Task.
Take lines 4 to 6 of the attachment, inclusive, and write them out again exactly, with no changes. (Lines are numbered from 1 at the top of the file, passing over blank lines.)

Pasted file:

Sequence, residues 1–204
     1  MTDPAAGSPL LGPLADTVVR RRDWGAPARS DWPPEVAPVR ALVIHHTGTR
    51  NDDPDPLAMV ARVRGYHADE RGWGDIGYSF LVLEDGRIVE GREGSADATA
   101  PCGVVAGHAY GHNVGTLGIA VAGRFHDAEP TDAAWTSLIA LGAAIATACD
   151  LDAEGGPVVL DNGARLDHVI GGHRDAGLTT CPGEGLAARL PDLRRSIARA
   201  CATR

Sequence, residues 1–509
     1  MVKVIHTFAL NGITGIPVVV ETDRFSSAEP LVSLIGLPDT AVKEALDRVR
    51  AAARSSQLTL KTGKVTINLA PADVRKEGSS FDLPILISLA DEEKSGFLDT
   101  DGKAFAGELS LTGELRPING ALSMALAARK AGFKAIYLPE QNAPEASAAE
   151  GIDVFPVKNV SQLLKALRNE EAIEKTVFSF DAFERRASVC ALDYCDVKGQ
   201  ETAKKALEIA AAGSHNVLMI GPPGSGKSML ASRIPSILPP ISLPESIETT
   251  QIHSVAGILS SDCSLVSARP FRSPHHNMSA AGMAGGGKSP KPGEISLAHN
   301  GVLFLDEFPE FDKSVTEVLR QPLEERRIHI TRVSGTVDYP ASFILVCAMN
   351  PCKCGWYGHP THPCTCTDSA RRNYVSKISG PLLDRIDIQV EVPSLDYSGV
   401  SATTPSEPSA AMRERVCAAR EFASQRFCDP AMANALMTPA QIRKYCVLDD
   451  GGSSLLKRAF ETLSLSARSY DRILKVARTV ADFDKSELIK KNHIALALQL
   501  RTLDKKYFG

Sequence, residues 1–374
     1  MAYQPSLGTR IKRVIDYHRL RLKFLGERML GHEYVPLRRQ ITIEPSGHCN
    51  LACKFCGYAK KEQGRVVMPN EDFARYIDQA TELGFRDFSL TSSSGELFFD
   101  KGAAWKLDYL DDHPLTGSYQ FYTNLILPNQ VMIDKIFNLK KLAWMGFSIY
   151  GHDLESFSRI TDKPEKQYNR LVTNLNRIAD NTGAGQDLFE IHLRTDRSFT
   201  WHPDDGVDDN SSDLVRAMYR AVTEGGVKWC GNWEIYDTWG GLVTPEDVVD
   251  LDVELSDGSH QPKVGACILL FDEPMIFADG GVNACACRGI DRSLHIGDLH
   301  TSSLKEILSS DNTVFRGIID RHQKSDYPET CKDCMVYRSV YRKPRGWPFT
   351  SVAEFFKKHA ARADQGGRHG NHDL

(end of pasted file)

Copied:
   101  PCGVVAGHAY GHNVGTLGIA VAGRFHDAEP TDAAWTSLIA LGAAIATACD
   151  LDAEGGPVVL DNGARLDHVI GGHRDAGLTT CPGEGLAARL PDLRRSIARA
   201  CATR